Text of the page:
Bizarro Meal #1 🍭🍬❄️
Setting the table for a sugar fanatic
Last October, I took a 4-week class called “The Table as Canvas: Designing a Bizarro Dinner Party With Jen Monroe.” The course description states, “…the best dinner hosts are those who can marry the technical skills of being a chef with an artist’s fluidity and flair for adventure”. I am a decent and adventurous cook, and I love creating almost anything, so I was excited about this class. Over four nights, we talked about 1) how to find inspiration, 2) Research & Development, including testing and sourcing, 3) production and execution, and on the final and fourth night, we had “show & tell.”
For step 1, finding inspiration, we were asked to think about a food-related memory from our childhood and to look for ideas from favorite movies or stories. I picked the movie “Elf” with Will Farrell because my family watches it several times each holiday season, and there are MANY food-related scenes to adapt. If you have seen Elf, you can probably think of many yourself. Week 2 focused on R&D, which was a lot of fun. For my Elf idea, I needed to find things to support my ideas, including a railing, “World's Best Cup of Coffee” cups, flasks, jack-in-the-box, syrup, paper snowflakes, candy canes, candy corn, gum drops, multiple Etch-a-Sketches (to use as serving platters), and snow (lots of white cotton candy). It’s probably obvious that by this point, I was not going to attempt an entire “bizarro “ dinner party but only a bizarro dessert course.
"We elves try to stick to the four main food groups: candy, candy canes, candy corn, and syrup." - Buddy (Elf Movie)
I had decided to use my entire dining room for dessert and have the rest of the dinner buffet-style on my kitchen counter. I am sure that if any of my relatives showed up as planned, they would have found this (as well as eating from an Etch-a-Sketch and drinking from a flask) quite strange, but thanks to a Covid case in a cousin, the “Elf Dessert Party” was only experienced by my immediate family.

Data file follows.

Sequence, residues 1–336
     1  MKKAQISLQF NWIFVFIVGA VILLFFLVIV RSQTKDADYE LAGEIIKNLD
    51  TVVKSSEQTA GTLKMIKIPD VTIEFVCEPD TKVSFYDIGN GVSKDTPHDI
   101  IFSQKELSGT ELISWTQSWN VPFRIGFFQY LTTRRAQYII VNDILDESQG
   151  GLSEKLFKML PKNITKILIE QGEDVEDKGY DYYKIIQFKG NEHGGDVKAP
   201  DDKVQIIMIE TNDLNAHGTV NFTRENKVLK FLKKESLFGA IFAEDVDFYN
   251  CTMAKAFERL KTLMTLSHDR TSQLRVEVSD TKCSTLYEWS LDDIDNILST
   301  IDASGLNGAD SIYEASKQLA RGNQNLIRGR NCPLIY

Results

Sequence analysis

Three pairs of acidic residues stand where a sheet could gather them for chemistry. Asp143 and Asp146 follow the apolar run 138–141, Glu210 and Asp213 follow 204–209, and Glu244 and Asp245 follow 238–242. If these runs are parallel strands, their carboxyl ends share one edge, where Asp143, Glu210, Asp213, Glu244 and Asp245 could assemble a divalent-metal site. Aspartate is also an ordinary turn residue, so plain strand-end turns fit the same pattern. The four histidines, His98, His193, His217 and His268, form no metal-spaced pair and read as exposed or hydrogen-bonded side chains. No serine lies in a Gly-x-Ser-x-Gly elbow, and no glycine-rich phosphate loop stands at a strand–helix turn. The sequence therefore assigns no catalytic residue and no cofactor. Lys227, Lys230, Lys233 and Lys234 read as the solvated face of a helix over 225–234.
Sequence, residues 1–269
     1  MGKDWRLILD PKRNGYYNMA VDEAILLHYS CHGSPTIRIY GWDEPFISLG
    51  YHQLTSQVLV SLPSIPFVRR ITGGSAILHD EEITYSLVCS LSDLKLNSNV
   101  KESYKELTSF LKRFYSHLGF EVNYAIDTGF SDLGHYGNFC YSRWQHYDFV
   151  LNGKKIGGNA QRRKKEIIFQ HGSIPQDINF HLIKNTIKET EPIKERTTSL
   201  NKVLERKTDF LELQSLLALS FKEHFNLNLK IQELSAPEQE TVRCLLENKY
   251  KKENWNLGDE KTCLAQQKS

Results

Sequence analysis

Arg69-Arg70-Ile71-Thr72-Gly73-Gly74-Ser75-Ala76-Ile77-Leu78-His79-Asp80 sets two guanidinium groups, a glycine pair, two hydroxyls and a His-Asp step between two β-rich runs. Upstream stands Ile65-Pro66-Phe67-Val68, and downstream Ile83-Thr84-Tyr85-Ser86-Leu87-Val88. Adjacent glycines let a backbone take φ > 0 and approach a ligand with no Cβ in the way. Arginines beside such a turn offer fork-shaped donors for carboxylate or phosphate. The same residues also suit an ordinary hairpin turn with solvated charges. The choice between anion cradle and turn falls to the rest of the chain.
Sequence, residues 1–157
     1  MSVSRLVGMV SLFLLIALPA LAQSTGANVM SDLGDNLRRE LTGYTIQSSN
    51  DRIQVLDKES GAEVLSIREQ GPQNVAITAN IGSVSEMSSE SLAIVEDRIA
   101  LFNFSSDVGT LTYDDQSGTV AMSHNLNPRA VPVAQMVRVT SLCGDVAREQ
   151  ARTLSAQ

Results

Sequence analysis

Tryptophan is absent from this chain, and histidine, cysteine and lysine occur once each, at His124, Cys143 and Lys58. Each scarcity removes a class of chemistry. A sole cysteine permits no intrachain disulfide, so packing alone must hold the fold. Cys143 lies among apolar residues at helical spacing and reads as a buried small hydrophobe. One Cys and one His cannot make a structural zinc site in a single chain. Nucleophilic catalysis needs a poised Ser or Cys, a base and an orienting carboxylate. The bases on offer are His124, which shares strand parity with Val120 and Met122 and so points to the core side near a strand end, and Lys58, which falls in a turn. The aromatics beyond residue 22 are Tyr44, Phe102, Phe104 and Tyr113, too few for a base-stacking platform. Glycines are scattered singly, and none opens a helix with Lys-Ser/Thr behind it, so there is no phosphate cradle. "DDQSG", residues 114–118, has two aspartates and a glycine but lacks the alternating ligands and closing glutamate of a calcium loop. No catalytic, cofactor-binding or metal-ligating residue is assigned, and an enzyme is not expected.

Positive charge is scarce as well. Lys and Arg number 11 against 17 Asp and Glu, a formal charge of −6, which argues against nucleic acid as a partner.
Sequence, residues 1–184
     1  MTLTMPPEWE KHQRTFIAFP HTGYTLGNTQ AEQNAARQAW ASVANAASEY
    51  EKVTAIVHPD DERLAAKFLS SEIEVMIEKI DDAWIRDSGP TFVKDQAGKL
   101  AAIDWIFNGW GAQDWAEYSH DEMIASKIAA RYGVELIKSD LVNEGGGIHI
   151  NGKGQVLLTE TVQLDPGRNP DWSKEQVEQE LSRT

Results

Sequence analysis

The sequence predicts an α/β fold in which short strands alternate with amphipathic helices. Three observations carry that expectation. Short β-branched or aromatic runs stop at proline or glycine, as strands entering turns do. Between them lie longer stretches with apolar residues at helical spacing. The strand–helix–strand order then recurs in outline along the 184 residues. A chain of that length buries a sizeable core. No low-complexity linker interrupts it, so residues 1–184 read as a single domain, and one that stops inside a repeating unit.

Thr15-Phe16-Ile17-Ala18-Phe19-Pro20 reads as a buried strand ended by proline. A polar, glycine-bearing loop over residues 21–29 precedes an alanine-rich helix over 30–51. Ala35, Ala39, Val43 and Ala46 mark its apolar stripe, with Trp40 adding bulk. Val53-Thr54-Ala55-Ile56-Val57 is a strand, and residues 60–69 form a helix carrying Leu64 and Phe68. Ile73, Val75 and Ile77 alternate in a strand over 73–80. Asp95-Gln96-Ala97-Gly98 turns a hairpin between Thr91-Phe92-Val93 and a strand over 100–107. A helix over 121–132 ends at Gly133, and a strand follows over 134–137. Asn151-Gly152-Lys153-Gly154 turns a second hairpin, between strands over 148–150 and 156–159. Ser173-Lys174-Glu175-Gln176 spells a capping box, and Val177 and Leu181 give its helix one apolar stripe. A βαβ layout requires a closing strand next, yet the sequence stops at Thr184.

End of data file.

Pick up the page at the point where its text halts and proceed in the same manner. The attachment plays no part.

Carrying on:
So…if this whole activity happened last year, why am I sharing it now? First, because I wasn’t writing this newsletter at that time so wasn’t able to share the details, but secondly, I wanted to get you ready for my December 30th post, which will show you the outcome of this year’s theme, which is Winter Wonderland. I have been “sourcing” items for this dinner for the last twelve months. I found a full-size toboggan at a church rummage sale for $10 and recently found a vintage wooden set of skis with bamboo poles. Both of these will be used to serve food. Unlike last year, I am also going to incorporate the instructor’s suggestions to incorporate light effects. I am playing with the idea of creating an ice rink serving platter and deciding if there is any way to incorporate real snow without it all melting very quickly. One of my children had the idea that we should all try to eat with mittens, so maybe we will even try that. Since I still have a few weeks to finalize the details, I’d love to hear any suggestions you might have for white foods or desserts, drinks, and/or unusual ways to present the meal. Someone asked me why I am planning to do all this with so much else to finish up over the next few weeks. I guess the answer is that first, I enjoy it, and it allows me to try some pretty unusual things. Second, I like to surprise people and make meals more than just a time to eat food but an experience as well. Maybe I’ll be the only one who thinks this year’s Winter Wonderland theme is a good idea, but I’m sure I’ll find out either way :)
Sugar Skulls (little works of art)
Tea Eggs (when made well, these can be quite beautiful)
The Bizarro Dinner course on Atlas Obscura
A Brief History of Food as Art